Thursday, May 28, 2015

Dome Plateau, Part 1

Portal RV Resort
Moab, UT
May 27, 2015

By 9:00 am Wednesday morning, skies were bright blue, lunch (two smoothies in a freezer bag) was packed, gas tank was full, and we were on our way to Dome Plateau with Lynn, Dave and Richie.

The trail begins at the historic Dewey Bridge on Hwy 128 about 25ish miles from Portal. 

Before we started the actual trail, we explored a two level domicile chiseled into the base of a huge rock structure located just past Dewey Bridge. It was pretty neat...had a fire place, an upstairs, and plumbing...with a very nice view!  At some point the ceiling, although reinforced with plates and steel rods, had collapsed just in front of the fireplace.  We commented that hopefully the occupants had moved on prior to the collapse.

While there, we observed cliff Swallows. They fly in fast and dive head first into very intricate mud nests. Colonies like these are usually large with busy birds building and/or chasing insects. 

We could see the bright forehead in the dim entrance of several nests. 

We named that rock... locomotive.
Dome Plateau is listed at the bottom of the moderate trails in the 2nd Edtition 4-Wheel Backroads Guide. It is 34 miles of off-road beauty with lots to explore along the way.

The trail heads west as it follows the Colorado River with a series of small rocky ledges to climb on private property. There is a gate to open and close when passing through.

There is lots to explore on DP...arches, natural wind-formed caves, grand overlooks, and even cabins from an old mining camp.

 As we were getting into a rhythm Joe and I saw something white roll out on the trail in front of us.  We stopped to check it out. This snake had just snagged a meal...a first for us to see.  Although it seems cruel, it is the way of nature and as shocking as it was to witness we felt honored to have the opportunity.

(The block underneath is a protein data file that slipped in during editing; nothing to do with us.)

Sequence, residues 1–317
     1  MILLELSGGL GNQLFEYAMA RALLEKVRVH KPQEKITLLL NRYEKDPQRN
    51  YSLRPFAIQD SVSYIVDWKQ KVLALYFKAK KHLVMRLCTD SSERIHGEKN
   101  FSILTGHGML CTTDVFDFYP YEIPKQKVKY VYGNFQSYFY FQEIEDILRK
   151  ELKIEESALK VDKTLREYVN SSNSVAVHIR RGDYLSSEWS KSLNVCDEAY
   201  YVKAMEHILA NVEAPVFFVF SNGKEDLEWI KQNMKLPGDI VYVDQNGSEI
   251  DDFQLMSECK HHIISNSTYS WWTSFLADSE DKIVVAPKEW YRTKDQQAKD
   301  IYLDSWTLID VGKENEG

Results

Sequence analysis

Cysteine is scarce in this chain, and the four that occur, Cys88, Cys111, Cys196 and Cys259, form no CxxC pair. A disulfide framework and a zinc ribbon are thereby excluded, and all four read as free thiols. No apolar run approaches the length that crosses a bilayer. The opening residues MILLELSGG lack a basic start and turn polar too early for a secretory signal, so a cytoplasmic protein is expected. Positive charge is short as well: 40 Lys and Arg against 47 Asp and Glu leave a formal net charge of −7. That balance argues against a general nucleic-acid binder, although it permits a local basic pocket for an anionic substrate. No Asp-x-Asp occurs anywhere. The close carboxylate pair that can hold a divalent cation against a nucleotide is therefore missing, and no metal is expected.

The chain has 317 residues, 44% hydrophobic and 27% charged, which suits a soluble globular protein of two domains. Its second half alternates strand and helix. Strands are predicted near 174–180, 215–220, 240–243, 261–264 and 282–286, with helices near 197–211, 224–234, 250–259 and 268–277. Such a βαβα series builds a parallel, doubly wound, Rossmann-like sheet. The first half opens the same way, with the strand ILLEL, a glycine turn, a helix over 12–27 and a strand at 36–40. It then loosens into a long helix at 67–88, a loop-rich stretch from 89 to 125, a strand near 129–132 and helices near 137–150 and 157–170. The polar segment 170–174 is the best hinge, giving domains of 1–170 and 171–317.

We believe the gopher snake had just captured it's prey and his struggle to hold his asphyxiating grip caused them to roll from the tall grass into our path.

He slowly uncoiled...

...took hold of his meal...
...and carried it away from the trail.

We left as the "transport cycle" to get his meal to his belly began.

We were looking for 3 "noteworthy" arches.
The first few miles follows below the line of sandstone cliffs. 
We parked and took a small hike to what we think is the first arch. Our guide was published in 2008. Since that time, wind and rain have not been kind to this one. 

The second arch we spotted from the trail. 

And the third arch was our lunch spot. 

This arch is named La Boca...translated The Mouth.

This is a great lunch spot. Nice and cool!

Richie flew his drone through La Boca. I cant wait to see the video and pictures!
From there, it was off to "Again-and Again Hill", but that will be Part 2 as I have included way too many pictures.

Yikes! How did that get in here?

I was thrilled to find untouched desert crust (cryptobiotic soil) with established plants. "Don't crush the crust!"
Until part 2, happy days and...



  1. What a fun ride! Now this is a trail I think I would enjoy with an unmodified Jeep. How neat to watch the snake with its prey! An unusual sight for sure. I love that there are arches along the way. Beautiful spot for lunch:)

    1. The guide says a stock 4 wheel drive with experience driver can do the trail. Our book is 8 years old and the trail has clearly deteriorated. There are a couple of aggressive spots that we think a stock jeep with 32 inch tires and no lift will have some clearance issues. It can be done, but you will likely have some hits on the frame and/or bumpers. The obstacles do not have "go arounds". Good advice...don't go alone Pam!

  2. I can't figure out that second picture. It's looks like it might be part of the bridge, but those things (strings?) are just hanging down not attached to anything below.

    That snake sequence is fantastic! What an amazing thing to see. Don't you just love nature in action! We saw a coopers hawk swoop down and attack a coot once. The coot was too big for it to fly away with so it just had to stay there and peck off pieces. Incredible.

    1. The historic Dewey Bridge was a suspension bridge. I believe the cables hanging down are part of the original construction to hold the wooden bridge which was burned in a fire.

      I am so glad you and Pam liked the snake was amazing Lisa! Opportunities to witness events like the Coopers hawk pecking off pieces for dinner are few and a priviledge!

  3. You two are certainly busy. Again, and as usual, I loved your pictures. The snake one was amazing.

    1. Thank you Jeri! We have been busy...a good and fun busy! Somehow, we have got to make time for some walking trails! I am missing our hikes.....